Safe and Sound

First National Bank and Trust

Phillipsburg, KS
4
Star Rating
Started in 1884, First National Bank and Trust is an FDIC-insured bank based in Phillipsburg, KS. As of December 31, 2017, the bank had equity of $31.2 million on assets of $204.1 million.

With 59 full-time employees in 6 offices in KS, the bank has amassed loans and leases worth $136.4 million, including real estate loans of $64.5 million. U.S. bank customers currently have $165.6 million in deposits with the bank.

Overall, Bankrate believes that, as of December 31, 2017, First National Bank and Trust exhibited a good condition, earning 4 out of 5 stars for safety and soundness. Here's an analysis of how the bank fared on the three key criteria Bankrate used to grade American banks.

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THE INSTITUTION'S SCORE

Capital Score

Capital is an important measurement of an institution's financial resilience. It acts as a cushion against losses and affords protection for depositors during times of economic trouble for the bank. When looking at safety and soundness, the more capital, the better.

First National Bank and Trust exceeded the national average of 13.13 points on our test to measure the adequacy of a bank's capital, receiving a score of 22 out of a possible 30 points.

One commonly used measure of this buffer is a bank's Tier 1 capital ratio. First National Bank and Trust's Tier 1 capital ratio was 19.62 percent, above the 6 percent level regulators consider adequate, but lower than the national average of 25.65 percent. The higher the capital ratio, the better the bank will be able to stand up to economic downturns.

Overall, First National Bank and Trust held equity amounting to 15.27 percent of its assets, which exceeded the national average of 12.03 percent.

Asset Quality Score

This test's purpose is to try to understand how the bank's capitalization and allocated loan loss reserves could be affected by problem assets, such as unpaid mortgages.

A bank with extensive holdings of these types of assets may eventually have to use capital to cover losses, reducing its cushion of equity. Many of those assets are also likely to be in non-accrual status and thus aren't earning interest for the bank, resulting in reduced earnings and potentially more risk of a future failure.

First National Bank and Trust came in below the national average of 37.49 on Bankrate's test of asset quality, racking up 32 out of a possible 40 points .

The percentage of problem assets a bank holds compared to its total assets is a widely used indicator of asset quality.As of December 31, 2017, 3.30 percent of First National Bank and Trust's loans were noncurrent -- in other words, they were more than 90 days past due or were in non-accrual status. That's above the national average of 1.01 percent.

Banks keep a reserve to handle problem assets known as an "allowance for loan and lease losses." How large that reserve is can be a useful indicator when evaluating a bank's ability to manage troubled assets, especially when compared to the total amount of problem loans. Unfortunately, the FDIC did not provide information on First National Bank and Trust's loan loss allowance in its most recent filings.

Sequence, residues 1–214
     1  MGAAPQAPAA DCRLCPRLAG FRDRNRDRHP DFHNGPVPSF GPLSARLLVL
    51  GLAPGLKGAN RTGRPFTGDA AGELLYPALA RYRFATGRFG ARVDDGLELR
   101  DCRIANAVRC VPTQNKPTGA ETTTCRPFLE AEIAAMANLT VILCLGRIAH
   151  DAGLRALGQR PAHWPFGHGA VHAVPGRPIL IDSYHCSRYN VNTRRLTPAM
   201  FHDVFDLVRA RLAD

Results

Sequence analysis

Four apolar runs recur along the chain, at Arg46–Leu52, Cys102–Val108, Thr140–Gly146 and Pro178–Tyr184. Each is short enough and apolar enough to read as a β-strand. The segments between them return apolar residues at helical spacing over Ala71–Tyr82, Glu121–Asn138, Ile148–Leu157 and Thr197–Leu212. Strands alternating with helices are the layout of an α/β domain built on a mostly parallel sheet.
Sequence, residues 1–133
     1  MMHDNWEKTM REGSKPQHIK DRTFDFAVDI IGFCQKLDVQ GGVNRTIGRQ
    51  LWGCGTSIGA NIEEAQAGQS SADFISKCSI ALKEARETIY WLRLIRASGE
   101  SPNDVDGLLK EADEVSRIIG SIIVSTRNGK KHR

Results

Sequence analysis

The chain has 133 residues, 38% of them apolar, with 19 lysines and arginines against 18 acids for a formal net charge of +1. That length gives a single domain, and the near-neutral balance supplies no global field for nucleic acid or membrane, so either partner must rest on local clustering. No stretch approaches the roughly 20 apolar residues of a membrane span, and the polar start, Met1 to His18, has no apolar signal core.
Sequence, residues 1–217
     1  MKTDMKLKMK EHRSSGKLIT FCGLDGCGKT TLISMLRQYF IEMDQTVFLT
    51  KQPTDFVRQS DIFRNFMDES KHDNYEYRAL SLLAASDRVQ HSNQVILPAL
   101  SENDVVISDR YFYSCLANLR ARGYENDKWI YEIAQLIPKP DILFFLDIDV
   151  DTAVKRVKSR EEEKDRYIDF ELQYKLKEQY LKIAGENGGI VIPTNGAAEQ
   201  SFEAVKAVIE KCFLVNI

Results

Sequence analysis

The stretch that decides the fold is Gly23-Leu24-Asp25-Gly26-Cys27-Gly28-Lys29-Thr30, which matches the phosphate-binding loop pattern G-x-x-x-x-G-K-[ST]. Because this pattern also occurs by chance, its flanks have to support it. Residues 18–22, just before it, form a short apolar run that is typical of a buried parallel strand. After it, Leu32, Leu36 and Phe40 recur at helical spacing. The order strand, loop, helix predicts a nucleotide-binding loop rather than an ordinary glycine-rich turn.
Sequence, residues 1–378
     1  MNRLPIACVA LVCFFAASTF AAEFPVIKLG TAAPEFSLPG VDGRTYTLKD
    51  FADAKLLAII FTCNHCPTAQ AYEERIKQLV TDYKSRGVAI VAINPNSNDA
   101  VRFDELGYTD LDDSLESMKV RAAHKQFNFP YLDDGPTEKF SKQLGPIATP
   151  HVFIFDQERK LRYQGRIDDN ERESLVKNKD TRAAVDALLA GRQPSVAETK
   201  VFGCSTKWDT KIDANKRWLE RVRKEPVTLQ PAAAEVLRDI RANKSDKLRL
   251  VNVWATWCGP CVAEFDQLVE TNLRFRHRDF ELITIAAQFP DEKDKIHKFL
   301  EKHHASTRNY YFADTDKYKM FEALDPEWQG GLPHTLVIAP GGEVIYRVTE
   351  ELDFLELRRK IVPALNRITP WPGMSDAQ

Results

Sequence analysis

Earnings score

A bank's profitability has an effect on its safety and soundness. A bank can retain its earnings, expanding its capital cushion, or use them to deal with problematic loans, potentially making the bank more resilient in tough times. Losses, on the other hand, take away from a bank's ability to do those things.

On Bankrate's earnings test, First National Bank and Trust scored 12 out of a possible 30, failing to reach the national average of 15.12.

One key way to measure a bank's earnings is return on equity, or net income (profit, basically) divided by total equity. The most recent annualized quarterly return on equity for First National Bank and Trust was 5.58 percent, below the national average of 8.10 percent.

The bank reported net income of $1.7 million on total equity of $31.2 million for the twelve months ended December 31, 2017. The bank reported an annualized return on average assets, or ROA, of 0.83 percent, below the 1 percent deemed satisfactory in accordance with industry standards and below the average for U.S. banks of 1.00 percent.

WHAT IS SAFE & SOUND?

Bankrate.com's Safe & Sound Ratings provide a star rating system to evaluate the current financial status of financial institutions. The information gathered about banks, credit unions and thrifts is updated as set forth in the Terms of Use of Safe & Sound Ratings and Reports. The Safe & Sound Ratings information is grouped by categories of banks, thrifts and credit unions.

Scoring methodology

Bankrate.com evaluates the financial condition of institutions and assigns a one- to five-star rating for each with five stars representing the highest rating. Institutions with satisfactory performance will generally receive a rating of three or more stars. The majority of institutions fall into the three- to four-star range. An institution with an "NR" rating may be too new to rate or may have limited the publicly available information in their regulatory filings. The "NR" is not an indication of financial strength or weakness. The Safe & Sound rating is believed to be reliable, but the information is not guaranteed. In addition, events since the information was collected may have altered the institution's financial condition.